As I stated in the previous post, the actual queue is built based on the lock-free queue implementation described by Maged Michael and Michael Scott in this paper, and that it is probably the best known and most widely used lock-free queue algorithm. Doug Lea used it as the basis for concurrent linke queues in java.util.concurrent libraries for Java. In the paper, the authors address a major problem with lock-free programming known as the ABA problem, where between the read and update another process changes the value from A to B and back to A so that the queue is not in the same state though the pointers in first process have not changed. The well-known solution is to add a generation counter and use a double-word compare_and_swap instruction, which is what my implementation does. The Java implementation does not have the same issue because of garbage collection since the first thread would hold a reference to A it could never be reused. The shared queue uses the counter and double-word CAS instruction to prevent ABA issues since it is implemented in shared memory with no possibility of garbage collection.
While stress testing the shared memory queue, I found another problem with the use of the Michael-Scott algorithm in addition to the ABA problem. I stumbled across the problem while stress testing mostly because I use multiple queues using the same memory in close proximity starting at the same initial state for the generational counters, which dramatically increased the probability of occurrence. The problematic algorithm below is from the paper:
enqueue(Q: pointer to queue t, value: data type)
The problem begins after line E7 where an executing process is suspended before the CAS at line E9, either before or after line E8. The following diagram illustrates the steps that can occur with concurrently executing processes:
Step 1 for process 1 begins after line E7 where it gets suspended while attempting to add an item at the end of queue 1. At that point, another process can remove the items on the queue including item B which is the tail item for process 1. Then if item B is added to the end of queue 2, it looks to be in the same state as it was in the end of queue 1. If the generation counters for the two queues contain the same value, for instance because the items are bouncing between the queues, process 1 will succeed when it resumes and performs the CAS at line E9. Line E17 will fail because the tail has changed, so the item is incompletely on queue 2 instead of queue 1 and the queue 2 tail is not advanced correctly. I believe the Java implementation is not protected from this issue either based on the code I downloaded from Doug Lea’s homepage if the next field is set to null for any reason after being removed from queue.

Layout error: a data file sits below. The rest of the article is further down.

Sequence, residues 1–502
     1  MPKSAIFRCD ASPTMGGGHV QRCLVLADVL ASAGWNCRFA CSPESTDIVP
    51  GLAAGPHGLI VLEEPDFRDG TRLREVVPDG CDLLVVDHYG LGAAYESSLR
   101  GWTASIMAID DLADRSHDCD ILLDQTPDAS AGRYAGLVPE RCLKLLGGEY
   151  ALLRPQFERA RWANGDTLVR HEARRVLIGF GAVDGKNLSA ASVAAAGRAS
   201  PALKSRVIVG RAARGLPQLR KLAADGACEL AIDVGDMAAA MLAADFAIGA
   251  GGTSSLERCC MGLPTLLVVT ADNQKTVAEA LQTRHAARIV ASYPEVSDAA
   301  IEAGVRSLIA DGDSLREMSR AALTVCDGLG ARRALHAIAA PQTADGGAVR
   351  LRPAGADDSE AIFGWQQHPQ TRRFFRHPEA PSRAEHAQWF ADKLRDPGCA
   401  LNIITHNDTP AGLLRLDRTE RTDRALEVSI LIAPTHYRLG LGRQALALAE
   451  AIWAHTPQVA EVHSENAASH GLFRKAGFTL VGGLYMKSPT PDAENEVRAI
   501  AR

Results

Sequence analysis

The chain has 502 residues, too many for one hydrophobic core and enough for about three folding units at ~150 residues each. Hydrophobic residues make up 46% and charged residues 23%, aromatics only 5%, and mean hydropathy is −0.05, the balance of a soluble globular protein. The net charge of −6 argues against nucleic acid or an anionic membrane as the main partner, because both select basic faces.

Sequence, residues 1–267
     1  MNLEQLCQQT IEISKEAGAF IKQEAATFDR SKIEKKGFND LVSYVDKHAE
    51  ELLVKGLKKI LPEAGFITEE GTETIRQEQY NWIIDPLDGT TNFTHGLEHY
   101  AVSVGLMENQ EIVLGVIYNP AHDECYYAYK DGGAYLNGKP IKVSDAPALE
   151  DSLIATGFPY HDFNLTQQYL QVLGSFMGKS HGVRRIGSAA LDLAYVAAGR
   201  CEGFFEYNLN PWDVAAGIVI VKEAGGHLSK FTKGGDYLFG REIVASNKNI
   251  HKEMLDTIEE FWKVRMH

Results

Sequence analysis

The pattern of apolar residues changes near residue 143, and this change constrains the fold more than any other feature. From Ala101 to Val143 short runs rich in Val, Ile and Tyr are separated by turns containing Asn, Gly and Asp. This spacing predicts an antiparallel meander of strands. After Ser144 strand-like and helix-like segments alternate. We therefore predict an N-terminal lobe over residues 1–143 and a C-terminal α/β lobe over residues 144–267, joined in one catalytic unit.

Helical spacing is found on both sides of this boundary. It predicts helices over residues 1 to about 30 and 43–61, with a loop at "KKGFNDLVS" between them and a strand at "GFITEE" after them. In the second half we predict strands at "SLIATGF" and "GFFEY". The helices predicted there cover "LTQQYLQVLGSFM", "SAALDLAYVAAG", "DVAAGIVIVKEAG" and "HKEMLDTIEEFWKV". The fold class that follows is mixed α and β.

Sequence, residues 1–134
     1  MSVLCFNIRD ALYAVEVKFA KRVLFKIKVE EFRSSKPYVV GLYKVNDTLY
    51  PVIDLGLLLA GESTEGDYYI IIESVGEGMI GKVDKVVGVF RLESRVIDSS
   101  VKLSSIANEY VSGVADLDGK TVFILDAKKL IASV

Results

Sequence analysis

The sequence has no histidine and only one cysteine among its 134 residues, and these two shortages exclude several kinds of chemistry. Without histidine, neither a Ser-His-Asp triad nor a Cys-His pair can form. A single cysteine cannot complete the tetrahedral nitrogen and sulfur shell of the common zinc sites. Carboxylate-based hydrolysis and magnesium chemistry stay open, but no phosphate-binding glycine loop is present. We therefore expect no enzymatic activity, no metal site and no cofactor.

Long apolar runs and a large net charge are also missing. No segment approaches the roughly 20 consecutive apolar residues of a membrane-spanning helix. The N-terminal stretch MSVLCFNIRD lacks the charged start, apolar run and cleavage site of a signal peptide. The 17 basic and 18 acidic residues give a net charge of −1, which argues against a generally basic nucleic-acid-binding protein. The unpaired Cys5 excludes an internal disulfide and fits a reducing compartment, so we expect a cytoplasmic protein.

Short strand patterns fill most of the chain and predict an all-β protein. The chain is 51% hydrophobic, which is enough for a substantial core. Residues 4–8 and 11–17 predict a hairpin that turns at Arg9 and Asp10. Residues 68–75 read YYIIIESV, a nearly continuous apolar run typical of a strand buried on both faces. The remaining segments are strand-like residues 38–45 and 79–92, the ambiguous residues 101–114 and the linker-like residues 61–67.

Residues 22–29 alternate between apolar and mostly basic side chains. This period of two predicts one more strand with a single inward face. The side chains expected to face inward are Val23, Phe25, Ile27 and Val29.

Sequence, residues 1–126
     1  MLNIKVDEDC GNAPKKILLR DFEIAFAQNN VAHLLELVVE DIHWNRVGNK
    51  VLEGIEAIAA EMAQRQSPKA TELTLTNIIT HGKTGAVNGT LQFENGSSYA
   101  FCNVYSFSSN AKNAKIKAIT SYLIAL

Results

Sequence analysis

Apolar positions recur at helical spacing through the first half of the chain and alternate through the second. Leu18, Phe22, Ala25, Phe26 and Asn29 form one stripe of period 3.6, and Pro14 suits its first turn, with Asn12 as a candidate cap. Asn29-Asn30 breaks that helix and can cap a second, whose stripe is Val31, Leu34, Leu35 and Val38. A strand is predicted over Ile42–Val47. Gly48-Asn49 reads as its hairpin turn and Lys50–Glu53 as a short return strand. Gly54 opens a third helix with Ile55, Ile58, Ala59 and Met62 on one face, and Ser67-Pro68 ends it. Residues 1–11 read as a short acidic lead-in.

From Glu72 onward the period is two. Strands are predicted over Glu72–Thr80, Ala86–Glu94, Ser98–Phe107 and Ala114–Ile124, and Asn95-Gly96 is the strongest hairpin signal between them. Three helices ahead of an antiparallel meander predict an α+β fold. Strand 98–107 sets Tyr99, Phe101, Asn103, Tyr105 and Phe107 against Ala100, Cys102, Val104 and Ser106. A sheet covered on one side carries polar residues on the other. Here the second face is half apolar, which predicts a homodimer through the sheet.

I came up with two alternative solutions to the problem. The simpler one for my shared memory queue implementation was to intialize the generation counters to separate ranges of integer values that would not likely overlap since it is based on a 64-bit architecture where the integers will not wrap. Technically one range could end up overlapping the other, in which case the problem would occur again, but I make the ranges so far apart that it would be almost impossible. The other alternative is to use a unique value as the end of queue value in the next field instead of null, which would also be needed for Java. That could be the parent queue structure address, for instance, or some empty node value allocated for each queue, but the only requirement is that it be unique for each queue instance.